Meet the latest furry addition to the family at Washington Wetlands Centre - an Asian short-clawed otter cub.
Little Squeak – as the female cub has been affectionately nicknamed because of her high-pitched cries – was born on May 22 to Musa and Mimi, the award-winning wetland centre’s popular otter pair.
WWT Washington’s aviculture and captive animal manager Kristian Purchase said: “Our staff and volunteers are very excited to announce the safe arrival of Little Squeak.
“It’s still early days for her – she currently weighs 149 grams, has no teeth and won’t open her eyes until she reaches about 40 days old – so it will be a few weeks before Musa and Mimi bring her outside.
“We can report, however, that they are proving to be excellent parents.
“Mimi is feeding her well and Musa is regularly toileting her; carrying her to the latrine at the end of the holt to relieve herself before returning her to Mimi.
This is a brilliant conservation in action success story for both the WWT Washington team and, of course, Musa and Mimi.Gill Pipes, WWT Washington
“Our wardens are also closely monitoring her, and visitors can hear all about her progress and what her arrival means for our team during the daily talks at 11.30am and 3pm.”
New parents Musa and Mimi were first introduced at WWT Washington on Valentine’s Day 2013.
Musa was born at WWT Martin Mere in Lancashire on October 3, 2009, while Mimi began life at Chessington World of Adventures on July 20, 2011.
WWT Washington’s centre manager Gill Pipes said: “This is a brilliant conservation in action success story for both the WWT Washington team and, of course, Musa and Mimi.
“Asian short-clawed otters are a vulnerable species on the International Union for Conservation of Nature (IUCN) red list.
“The Wildfowl & Wetlands Trust works alongside the IUCN otter working group to maintain a healthy captive reserve of bloodlines should the species fall into further decline in the wild and need help.
“WWT’s international work also includes projects in areas that are home to wild Asian short-clawed otters such as That Luang Marsh in Laos and the Cambodian Lower Mekong Wetlands.
“We’d also like to thank our members and visitors for their valuable support.
“This allows us to carry out such vital conservation work, as well as keeping our own otters well-looked-after and healthy and, as a result, able to successfully breed.”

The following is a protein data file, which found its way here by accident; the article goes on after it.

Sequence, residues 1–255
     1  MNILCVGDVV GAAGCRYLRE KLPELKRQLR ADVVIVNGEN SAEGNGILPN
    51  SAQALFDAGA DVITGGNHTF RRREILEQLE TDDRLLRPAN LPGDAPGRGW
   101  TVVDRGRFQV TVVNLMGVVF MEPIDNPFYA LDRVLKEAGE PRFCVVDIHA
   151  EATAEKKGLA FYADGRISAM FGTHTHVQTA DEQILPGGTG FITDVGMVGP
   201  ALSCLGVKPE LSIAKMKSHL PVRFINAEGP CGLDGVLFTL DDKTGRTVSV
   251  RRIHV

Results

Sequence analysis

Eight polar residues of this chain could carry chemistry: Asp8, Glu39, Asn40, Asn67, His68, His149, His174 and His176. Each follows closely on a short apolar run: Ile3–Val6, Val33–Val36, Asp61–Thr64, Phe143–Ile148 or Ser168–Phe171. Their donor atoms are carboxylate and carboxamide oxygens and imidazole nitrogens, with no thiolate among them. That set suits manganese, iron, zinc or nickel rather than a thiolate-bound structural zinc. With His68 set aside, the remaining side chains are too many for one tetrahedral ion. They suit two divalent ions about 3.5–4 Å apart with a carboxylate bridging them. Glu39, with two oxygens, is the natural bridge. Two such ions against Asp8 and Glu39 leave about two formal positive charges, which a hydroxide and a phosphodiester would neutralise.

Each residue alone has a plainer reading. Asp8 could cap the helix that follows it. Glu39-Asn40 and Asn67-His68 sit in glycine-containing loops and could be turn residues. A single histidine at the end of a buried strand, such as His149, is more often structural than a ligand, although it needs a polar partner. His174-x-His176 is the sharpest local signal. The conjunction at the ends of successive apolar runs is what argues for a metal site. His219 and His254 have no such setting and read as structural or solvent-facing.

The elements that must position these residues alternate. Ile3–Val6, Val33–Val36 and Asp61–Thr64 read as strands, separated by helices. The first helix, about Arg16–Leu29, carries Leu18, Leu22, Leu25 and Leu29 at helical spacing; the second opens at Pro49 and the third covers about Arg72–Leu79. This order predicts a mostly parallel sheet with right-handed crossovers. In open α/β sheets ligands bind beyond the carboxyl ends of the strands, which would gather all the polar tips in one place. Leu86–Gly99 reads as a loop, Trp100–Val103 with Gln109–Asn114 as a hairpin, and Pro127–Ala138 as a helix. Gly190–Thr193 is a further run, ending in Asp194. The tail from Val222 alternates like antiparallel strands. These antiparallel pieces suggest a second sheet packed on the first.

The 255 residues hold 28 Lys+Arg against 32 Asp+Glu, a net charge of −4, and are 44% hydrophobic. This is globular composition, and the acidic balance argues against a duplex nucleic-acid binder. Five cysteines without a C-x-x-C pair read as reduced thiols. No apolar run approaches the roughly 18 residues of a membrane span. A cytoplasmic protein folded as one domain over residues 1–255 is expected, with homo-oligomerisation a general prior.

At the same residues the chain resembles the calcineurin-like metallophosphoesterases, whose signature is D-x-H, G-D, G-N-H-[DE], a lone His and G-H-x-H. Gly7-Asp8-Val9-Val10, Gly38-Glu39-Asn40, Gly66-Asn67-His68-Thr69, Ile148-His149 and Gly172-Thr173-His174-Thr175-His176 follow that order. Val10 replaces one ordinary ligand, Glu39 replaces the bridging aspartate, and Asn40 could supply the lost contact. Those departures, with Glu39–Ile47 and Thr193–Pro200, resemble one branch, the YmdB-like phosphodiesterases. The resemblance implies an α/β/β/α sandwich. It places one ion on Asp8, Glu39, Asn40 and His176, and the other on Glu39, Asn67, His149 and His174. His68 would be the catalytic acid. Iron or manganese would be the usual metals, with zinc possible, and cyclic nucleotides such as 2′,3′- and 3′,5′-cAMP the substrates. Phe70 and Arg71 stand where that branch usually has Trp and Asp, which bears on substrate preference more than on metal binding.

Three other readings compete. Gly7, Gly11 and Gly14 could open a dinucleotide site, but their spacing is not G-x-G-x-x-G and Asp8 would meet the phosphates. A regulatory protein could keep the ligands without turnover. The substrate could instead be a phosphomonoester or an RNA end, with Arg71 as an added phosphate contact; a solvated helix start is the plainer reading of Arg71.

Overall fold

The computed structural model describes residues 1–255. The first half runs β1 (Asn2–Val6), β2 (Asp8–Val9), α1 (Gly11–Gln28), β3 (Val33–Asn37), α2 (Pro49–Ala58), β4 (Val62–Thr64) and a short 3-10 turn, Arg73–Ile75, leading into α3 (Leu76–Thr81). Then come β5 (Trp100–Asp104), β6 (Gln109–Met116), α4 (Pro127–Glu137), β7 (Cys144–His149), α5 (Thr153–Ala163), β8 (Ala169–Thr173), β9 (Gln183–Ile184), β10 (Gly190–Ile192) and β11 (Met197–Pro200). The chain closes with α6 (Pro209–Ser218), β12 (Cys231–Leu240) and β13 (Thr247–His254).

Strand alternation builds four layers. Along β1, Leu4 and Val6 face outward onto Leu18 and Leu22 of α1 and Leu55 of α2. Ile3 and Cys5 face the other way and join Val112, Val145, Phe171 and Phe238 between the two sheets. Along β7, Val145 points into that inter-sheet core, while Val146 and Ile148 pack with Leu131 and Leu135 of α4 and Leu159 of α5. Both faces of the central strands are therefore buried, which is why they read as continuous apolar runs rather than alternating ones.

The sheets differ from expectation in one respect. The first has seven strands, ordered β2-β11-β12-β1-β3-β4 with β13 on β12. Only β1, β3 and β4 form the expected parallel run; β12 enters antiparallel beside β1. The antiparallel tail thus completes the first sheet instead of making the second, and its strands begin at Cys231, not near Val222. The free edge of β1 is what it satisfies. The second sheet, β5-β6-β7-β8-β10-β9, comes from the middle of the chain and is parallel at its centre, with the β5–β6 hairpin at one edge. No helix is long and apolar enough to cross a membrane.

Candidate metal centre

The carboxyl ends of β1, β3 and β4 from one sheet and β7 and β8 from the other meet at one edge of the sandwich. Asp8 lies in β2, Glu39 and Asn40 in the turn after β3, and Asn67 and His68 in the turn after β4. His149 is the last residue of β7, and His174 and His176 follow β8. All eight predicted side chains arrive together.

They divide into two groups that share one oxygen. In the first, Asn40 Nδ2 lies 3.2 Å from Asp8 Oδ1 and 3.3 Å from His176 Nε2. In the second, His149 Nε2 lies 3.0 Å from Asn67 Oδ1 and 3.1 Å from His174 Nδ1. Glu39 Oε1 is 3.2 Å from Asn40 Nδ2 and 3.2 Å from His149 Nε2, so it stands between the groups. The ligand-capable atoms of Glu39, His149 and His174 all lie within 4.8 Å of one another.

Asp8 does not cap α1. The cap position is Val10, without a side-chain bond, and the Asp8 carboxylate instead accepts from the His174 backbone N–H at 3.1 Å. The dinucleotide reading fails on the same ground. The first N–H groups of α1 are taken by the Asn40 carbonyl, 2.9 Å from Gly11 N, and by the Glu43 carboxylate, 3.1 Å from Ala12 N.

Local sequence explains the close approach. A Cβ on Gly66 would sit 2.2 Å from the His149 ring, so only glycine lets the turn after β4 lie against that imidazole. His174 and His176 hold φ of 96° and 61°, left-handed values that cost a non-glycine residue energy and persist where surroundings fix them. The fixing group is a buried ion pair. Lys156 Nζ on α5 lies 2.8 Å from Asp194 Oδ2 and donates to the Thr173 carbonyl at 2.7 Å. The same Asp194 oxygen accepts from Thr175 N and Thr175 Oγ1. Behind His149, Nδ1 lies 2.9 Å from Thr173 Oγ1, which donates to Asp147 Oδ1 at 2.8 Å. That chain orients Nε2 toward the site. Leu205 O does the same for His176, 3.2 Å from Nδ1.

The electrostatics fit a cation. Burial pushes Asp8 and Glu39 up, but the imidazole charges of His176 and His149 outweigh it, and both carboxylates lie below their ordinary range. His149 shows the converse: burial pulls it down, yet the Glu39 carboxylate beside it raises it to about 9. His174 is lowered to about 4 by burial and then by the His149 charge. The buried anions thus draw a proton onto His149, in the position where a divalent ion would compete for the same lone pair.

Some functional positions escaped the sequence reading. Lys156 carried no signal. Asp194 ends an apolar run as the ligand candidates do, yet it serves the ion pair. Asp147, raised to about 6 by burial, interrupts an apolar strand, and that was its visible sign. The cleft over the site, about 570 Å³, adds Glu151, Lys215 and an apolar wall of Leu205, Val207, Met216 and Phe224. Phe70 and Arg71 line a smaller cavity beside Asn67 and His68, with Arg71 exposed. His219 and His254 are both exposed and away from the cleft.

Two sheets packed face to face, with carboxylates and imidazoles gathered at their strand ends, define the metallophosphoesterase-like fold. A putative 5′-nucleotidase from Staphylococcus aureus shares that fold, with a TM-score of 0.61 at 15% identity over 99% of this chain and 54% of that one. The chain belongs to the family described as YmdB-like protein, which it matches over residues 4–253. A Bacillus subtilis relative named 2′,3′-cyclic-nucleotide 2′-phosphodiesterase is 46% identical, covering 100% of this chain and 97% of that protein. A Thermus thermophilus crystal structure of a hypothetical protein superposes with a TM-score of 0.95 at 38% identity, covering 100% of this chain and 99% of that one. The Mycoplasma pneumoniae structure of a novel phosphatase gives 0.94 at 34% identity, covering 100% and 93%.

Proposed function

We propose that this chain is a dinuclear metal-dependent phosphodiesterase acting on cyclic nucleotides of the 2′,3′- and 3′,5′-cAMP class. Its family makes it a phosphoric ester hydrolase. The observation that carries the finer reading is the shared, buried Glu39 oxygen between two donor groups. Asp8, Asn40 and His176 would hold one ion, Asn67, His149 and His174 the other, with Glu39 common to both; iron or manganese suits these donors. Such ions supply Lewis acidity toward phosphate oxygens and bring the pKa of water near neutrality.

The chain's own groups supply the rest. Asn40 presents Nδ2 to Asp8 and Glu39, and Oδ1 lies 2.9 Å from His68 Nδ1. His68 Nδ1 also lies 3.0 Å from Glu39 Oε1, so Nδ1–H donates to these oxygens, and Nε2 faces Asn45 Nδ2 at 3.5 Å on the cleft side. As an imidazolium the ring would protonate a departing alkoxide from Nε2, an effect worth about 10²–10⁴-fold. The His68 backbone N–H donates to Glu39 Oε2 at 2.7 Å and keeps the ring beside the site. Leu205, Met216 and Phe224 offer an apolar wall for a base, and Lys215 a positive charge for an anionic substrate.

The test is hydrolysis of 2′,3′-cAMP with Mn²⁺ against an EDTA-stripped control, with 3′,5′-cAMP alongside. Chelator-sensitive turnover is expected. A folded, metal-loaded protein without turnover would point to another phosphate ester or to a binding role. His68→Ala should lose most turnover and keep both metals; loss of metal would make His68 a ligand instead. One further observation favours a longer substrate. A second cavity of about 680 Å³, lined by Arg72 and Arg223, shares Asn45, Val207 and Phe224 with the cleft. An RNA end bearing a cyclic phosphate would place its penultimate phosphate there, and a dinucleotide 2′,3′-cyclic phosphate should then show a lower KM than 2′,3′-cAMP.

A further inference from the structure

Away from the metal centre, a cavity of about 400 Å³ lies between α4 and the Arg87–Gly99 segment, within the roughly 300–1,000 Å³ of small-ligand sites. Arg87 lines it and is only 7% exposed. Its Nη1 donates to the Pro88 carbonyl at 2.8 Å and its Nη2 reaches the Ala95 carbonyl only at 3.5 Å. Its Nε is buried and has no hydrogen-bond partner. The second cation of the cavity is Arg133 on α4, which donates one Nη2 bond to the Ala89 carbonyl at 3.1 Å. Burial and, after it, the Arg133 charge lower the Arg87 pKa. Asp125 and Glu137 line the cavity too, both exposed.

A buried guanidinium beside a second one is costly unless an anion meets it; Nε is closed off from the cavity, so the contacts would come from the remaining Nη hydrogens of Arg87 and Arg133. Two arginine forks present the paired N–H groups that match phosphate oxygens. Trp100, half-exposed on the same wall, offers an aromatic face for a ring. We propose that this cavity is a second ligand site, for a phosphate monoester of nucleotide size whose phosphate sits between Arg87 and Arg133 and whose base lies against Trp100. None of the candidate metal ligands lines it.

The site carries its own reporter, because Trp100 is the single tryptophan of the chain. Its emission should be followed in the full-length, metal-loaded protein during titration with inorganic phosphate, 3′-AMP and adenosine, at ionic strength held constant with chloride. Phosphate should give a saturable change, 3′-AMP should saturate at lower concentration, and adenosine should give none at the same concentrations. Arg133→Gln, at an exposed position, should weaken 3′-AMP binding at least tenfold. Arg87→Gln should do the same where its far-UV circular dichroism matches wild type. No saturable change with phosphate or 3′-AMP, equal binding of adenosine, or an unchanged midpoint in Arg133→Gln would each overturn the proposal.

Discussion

Asian short-clawed otters form a bond for life and can have two litters of up to six young per year, with gestation lasting about 60 days.
In the wild they live in extended family groups, with only the alpha pair breeding.
So although she is tiny and helpless right now, Little Squeak will one day be big enough to help to raise her own siblings, should Musa and Mimi have further young.
Kristian added: “Asian short-clawed otters are very sociable and often play group games, while helping younger generations to develop hunting and swimming skills.
“Our visitors and members will have some fantastic opportunities to witness this incredible behavior up close in the coming weeks once the family is out in the enclosure, with great views from our new accessible platform.
“For now, the holt itself will be temporarily cordoned off, to give them the privacy and quiet time that they need.”
Here’s a few otter facts
• Otters are part of the mustelid family, which roughly translates as ‘smelly animal’.
• Asian short-clawed otters are the smallest of all 13 otter species, weighing less than 5kg.
• They are found in the mangrove swamps and freshwater wetlands of Bangladesh, Myanmar, India, southern China, Taiwan, Laos, Malaysia, Indonesia, Singapore, the Philippines, Thailand and Vietnam.
• Their most distinctive feature is their claws, which don’t extend beyond the fleshy end pads of their partially webbed fingers and toes – hence their name!
• Their sensitive finger pads mean they’re very dexterous and use their paws, rather than their mouths, to hunt prey including molluscs, crabs and other small aquatic animals.
• They communicate through at least 12 different calls.
• Their life span is anywhere from 11-16 years.
• The main threats to their survival are habitat destruction, pollution and direct persecution from hunting and trapping.